_{r}18. T. Tamir and H. L. Bertoni, “Lateral Displacement of Optical Beams at Multilayered and Periodic Structures,” J. Opt. Soc. Am. **61**(10), 1397–1413 (
1971). [CrossRef]

*Bi*plane with the beam-waist radius

*w*is given by:From Eq. (1), following an approach similar to that in [19

_{0}19. B. R. Horowitz and T. Tamir, “Lateral Displacement of a Light Beam at a Dielectric Interface,” J. Opt. Soc. Am. **61**(5), 586–594 (
1971). [CrossRef]

*Br*plane (

*z*=0) can be found via coordinate transformations and Fourier transforms as:where

_{r}*θ*is the incident angle,

*k*is the wavenumber in the incident medium,

*r*(

*k*) is the angular-dependent, complex reflectivity,

_{x}*k*and

_{x}*k*are the wavenumbers in the

_{z}*x*and

_{o}*z*directions respectively, and

_{o}*k*=

_{x}^{2}+k_{z}^{2}*k*.

^{2}*k*can be expanded at

_{z}*k*as:

_{x}=ksinθ*k*. Our studies show that for the cases examined in this paper the above 1st-order Taylor series expansion is accurate enough. Then Eq. (2) can be rewritten as:As the field distribution on the

_{z}=kcosθ -(k_{x}-ksinθ)tanθ*Br*plane is obtained, the distribution at the observation plane

*Cr*after propagating a distance of

*Z*can be calculated by applying the diffraction theory:where

*x*in the

_{r}*Br*plane to an observation point

*x*in the

*Cr*plane. For simplicity, we use

*E(x)*in place of

*E*in the following derivations.

_{Cr}(x,Z)*Near-field approximation*: Under the Fresnel approximation, the observed field distribution

*E(x)*, which we use in place of

*E*in the following derivations, is written as:By denoting the normalized deviation of the incident

_{Cr}(x,Z)*k*vector

_{x}*σ=(k*and substituting Eq. (3) into Eq. (5),

_{x}-ksinθ)/(kcosθ)*E(x)*can be written as:As the second integral on the right-hand side can be integrated over

*x*and leaves only

_{r}*k*term

_{x}*Far-field approximation*: Under the Fraunhofer approximation, the

*exp[ikx*term in Eq. (5) is negligible, and the integral term is similar to the Fourier transform of

_{r}^{2}/(2Z)]*E*0

_{Br}(x_{r},*)*. From Eq. (3), we get:where

*u=kx*. That is the inversed Fourier transform from the spatial angular variable

_{r}*σ*to

*u*. Substituting Eq. (8) into Eq. (5),

*E(x)*can be written as the Fourier transform of

*E*from the variable

_{Br}(u,0)*u*to the spatial angular variable

*x/Z*: As

*σ=x/Z*is approximated in the far field, the field distribution along

*Cr*plane is written as:where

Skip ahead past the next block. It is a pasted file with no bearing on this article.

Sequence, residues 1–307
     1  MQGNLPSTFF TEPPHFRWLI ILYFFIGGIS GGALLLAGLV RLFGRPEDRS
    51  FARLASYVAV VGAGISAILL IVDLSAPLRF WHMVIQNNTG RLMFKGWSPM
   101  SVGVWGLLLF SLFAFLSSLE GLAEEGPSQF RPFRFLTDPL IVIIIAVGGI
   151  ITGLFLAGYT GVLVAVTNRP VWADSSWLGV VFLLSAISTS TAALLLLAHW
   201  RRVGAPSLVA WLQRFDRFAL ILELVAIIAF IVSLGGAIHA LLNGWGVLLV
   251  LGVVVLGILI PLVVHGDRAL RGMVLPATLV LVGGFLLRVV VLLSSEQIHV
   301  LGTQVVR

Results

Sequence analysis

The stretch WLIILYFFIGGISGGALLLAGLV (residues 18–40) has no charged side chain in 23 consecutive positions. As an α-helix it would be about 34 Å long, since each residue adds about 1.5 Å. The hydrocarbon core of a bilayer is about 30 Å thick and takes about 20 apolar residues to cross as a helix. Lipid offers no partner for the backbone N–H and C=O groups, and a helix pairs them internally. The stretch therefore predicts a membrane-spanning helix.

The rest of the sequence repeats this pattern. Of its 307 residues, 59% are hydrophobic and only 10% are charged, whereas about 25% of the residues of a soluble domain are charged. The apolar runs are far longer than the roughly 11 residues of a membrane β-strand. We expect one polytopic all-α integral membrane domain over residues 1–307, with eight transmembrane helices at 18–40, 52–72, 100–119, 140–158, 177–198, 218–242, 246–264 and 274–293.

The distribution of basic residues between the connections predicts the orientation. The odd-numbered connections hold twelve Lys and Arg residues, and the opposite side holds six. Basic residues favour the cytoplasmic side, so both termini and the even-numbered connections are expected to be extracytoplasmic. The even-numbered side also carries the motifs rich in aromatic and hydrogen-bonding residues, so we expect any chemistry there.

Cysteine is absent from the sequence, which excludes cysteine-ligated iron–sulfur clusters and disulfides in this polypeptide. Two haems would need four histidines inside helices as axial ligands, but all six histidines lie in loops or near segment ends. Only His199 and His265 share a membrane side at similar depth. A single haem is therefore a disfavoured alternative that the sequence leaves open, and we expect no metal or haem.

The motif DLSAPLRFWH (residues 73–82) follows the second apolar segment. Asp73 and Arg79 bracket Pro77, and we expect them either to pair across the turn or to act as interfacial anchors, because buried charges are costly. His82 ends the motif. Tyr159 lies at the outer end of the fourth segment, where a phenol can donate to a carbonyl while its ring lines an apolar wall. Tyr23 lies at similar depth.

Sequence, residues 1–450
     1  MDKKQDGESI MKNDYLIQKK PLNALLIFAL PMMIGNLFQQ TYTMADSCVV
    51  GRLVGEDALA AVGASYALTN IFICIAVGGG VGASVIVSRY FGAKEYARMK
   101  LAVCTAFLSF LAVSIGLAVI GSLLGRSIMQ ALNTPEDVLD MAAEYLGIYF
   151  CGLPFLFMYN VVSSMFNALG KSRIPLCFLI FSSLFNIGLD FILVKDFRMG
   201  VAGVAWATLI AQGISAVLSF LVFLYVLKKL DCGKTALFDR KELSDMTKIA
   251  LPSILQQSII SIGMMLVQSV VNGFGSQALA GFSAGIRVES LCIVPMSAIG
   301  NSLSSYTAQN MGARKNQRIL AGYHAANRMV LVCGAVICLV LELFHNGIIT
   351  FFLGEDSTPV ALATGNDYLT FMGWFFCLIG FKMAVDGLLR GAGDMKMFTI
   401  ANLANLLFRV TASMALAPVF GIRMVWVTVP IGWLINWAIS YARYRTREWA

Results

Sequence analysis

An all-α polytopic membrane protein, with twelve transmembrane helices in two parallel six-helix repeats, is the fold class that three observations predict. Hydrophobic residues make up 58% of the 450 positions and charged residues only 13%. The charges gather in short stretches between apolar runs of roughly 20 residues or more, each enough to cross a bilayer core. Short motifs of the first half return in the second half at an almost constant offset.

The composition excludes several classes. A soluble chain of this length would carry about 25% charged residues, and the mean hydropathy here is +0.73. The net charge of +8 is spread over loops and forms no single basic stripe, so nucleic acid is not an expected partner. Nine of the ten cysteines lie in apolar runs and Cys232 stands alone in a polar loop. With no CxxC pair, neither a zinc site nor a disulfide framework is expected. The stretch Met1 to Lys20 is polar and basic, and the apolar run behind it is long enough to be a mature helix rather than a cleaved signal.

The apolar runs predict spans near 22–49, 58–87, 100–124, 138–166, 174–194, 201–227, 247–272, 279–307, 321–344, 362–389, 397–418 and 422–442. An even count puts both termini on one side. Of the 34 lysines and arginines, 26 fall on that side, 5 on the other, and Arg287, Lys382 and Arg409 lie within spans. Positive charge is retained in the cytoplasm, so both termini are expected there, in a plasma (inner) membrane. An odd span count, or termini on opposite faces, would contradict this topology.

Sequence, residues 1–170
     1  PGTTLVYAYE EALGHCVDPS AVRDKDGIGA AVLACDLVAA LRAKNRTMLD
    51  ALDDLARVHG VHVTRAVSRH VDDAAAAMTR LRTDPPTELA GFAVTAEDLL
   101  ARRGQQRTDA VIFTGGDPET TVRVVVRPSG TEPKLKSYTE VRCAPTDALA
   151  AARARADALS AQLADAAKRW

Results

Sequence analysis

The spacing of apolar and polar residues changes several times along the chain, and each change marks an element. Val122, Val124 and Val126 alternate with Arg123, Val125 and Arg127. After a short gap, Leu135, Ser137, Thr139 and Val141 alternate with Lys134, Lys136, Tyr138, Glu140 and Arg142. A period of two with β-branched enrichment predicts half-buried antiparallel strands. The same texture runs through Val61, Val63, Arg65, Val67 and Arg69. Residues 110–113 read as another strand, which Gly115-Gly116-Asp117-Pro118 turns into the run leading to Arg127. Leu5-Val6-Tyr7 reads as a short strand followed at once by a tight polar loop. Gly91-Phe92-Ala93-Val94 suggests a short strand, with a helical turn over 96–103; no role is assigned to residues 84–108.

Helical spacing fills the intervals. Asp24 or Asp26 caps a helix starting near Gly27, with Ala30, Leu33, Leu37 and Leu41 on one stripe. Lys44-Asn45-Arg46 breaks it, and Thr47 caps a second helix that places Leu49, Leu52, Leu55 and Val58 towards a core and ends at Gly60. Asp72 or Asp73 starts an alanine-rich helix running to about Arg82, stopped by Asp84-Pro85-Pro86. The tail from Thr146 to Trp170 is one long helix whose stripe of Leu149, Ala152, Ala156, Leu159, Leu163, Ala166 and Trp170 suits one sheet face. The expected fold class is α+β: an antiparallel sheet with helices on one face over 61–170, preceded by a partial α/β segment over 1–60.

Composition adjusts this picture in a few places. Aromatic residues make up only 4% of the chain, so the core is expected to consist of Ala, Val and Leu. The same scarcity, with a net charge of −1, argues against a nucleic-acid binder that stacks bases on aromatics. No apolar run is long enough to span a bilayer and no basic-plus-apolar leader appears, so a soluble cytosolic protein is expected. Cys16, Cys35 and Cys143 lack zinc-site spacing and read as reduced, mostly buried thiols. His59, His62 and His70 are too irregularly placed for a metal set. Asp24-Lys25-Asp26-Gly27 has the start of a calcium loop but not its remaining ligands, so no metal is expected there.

*Z*is

*w*

_{z}=2Z/kw_{0}in the far-field area.

*Z*, and can cause strong and fast-varying distortions.

## 3. Results and discussions

9. X. B. Yin, L. Hesselink, Z. W. Liu, N. Fang, and X. Zhang, “Large positive and negative lateral optical beam displacements due to surface plasmon resonance,” Appl. Phys. Lett. **85**(3), 372–374 (
2004). [CrossRef]

_{1}= 2.295), and a 35nm thick layer of silver (ε

_{2}= −18+0.5i) is considered to be at the glass and air (ε

_{3}= 1) interface, which generates the SPR effect for the TM-polarized input beam. The optical wavelength is set at 633 nm and the incident angle is set around 42.99

^{◦}(the SPR angle). The reflectivity from the glass/silver/air interface is calculated using the Fresnel equations [20]. Figure 2(a) shows the calculated reflectivity (amplitude and phase) around the SPR angle. For a focused beam that covers a range of different

*k*vectors, the

_{x}*r(σ)*(i.e.

*r(k*) is calculated through the relationship

_{x})*θ=sin*.

^{−1}(k_{x}/k)*r(σ)*can also be written as

*R(σ)exp(iϕ(σ))*, where

*R(σ)*is the amplitude response and

*ϕ(σ)*is the phase response.

*Br*plane, as most theoretical work studying the GH shift assumed. For a quasi-collimated or loosely focused beam (

*w*

_{0}= 200 μm, beam divergence angle = 0.12°, or a larger beam), as shown in Fig. 2(a), the corresponding range of

*σ*is small. When

*ϕ(σ)*’s expanded into

*ϕ*, with

_{0}+ϕ_{1}σ+ϕ_{n}(σ)*ϕ*the first derivative of

_{1}*ϕ*and

*ϕ*the higher order term, the

_{n}(σ)*ϕ*term can be omitted. Thus, Eq. (3) becomes:It is the Fourier transform of the Gaussian function modulated by

_{n}(σ)*R(σ)*with a shift of

*ϕ*/

_{1}*k*, just as the classical theoretical model of the Goos-Hanchen shift predicts [5

5. K. Artmann, “Berechnung der Seitenversetzung des totalreflektieren Strahles,” Ann. Phys. **6**, 87–102 (
1948). [CrossRef]

*w*= 20 μm, beam divergence angle = 1.15°), the higher order terms of

_{0}*ϕ(σ)*over a much larger angular spectrum range become non-negligible. We found that their effect on the spatial distribution of the beam is significant. Figure 2(b) shows the field amplitude distribution of the reflected beam under different input beam sizes. For a quasi-collimated or loosely focused beam, the beam profile calculated using Eq. (3) agrees very well with the result calculated using Eq. (12) by omitting the higher order phase terms. While when the focus is relatively tight, the beam profile not only significantly deviates from the input beam shape, but also shows strong difference with the result calculated using Eq. (12), illustrating the effect of the nonlinear phase on the beam shape. Correspondingly, the centroid position of the reflected beam in the